I remember the construction of the Massachusetts Turnpike during the 1950s and 1960s. As a child and young adult, this was my first exposure to parts of what was to become our Interstate Highway System. The amount of money that was involved in both construction, and the collection of tolls after the highway was opened seemed remarkable to me. Many readers in the Western United States may find the idea of paying tolls to drive on a road unfamiliar. Roads are necessary. Without roads you could not transport merchandise from one location to another, and trade or commerce would be virtually nonexistent.
Toll roads, particularly along and near the East Coast of the United States are often called turnpikes. The term turnpike originated from pikes, which were long poles that blocked passage until the fare (or toll) was paid and the pike was turned at a toll house. In early U. S. history, many individual citizens would maintain nearby stretches of road and collect a fee from people who used that specific stretch. Eventually, companies were formed to build, improve, and maintain a particular segment of roadway, and tolls were collected from users to finance the work. The first major toll road in this country was the Philadelphia Lancaster Turnpike which opened in 1795.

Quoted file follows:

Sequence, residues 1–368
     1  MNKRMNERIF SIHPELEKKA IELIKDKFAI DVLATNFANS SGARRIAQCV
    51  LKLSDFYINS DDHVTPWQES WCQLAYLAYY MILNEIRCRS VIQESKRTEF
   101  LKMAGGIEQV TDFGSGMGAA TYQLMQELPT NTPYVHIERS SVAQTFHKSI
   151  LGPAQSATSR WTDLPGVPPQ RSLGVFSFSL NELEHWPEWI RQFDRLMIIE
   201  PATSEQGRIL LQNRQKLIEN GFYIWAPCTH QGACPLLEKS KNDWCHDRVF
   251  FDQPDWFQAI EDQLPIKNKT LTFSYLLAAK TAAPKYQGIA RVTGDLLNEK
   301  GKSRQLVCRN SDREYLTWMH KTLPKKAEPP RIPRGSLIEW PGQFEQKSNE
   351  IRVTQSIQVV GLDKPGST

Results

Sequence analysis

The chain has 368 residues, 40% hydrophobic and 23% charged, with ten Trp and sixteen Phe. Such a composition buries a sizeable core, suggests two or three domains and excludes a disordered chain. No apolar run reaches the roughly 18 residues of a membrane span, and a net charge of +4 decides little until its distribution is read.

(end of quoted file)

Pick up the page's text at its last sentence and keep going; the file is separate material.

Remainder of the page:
In 1919 the United States Army organized a convoy to travel 3,250 miles along the Lincoln Highway from Washington, D. C. to Oakland, California. It was a grueling fifty- six day journey. It was meant to highlight the need for better highways in this country; and it was successful in that regard. While the convoy did reach speeds of 32 mph, the average for the entire journey was just 5.65 mph! The convoy was forced to repair or rebuild bridges. The convoy also had to repair sections of road and contend with breakdowns of their own vehicles and equipment. The convoy…
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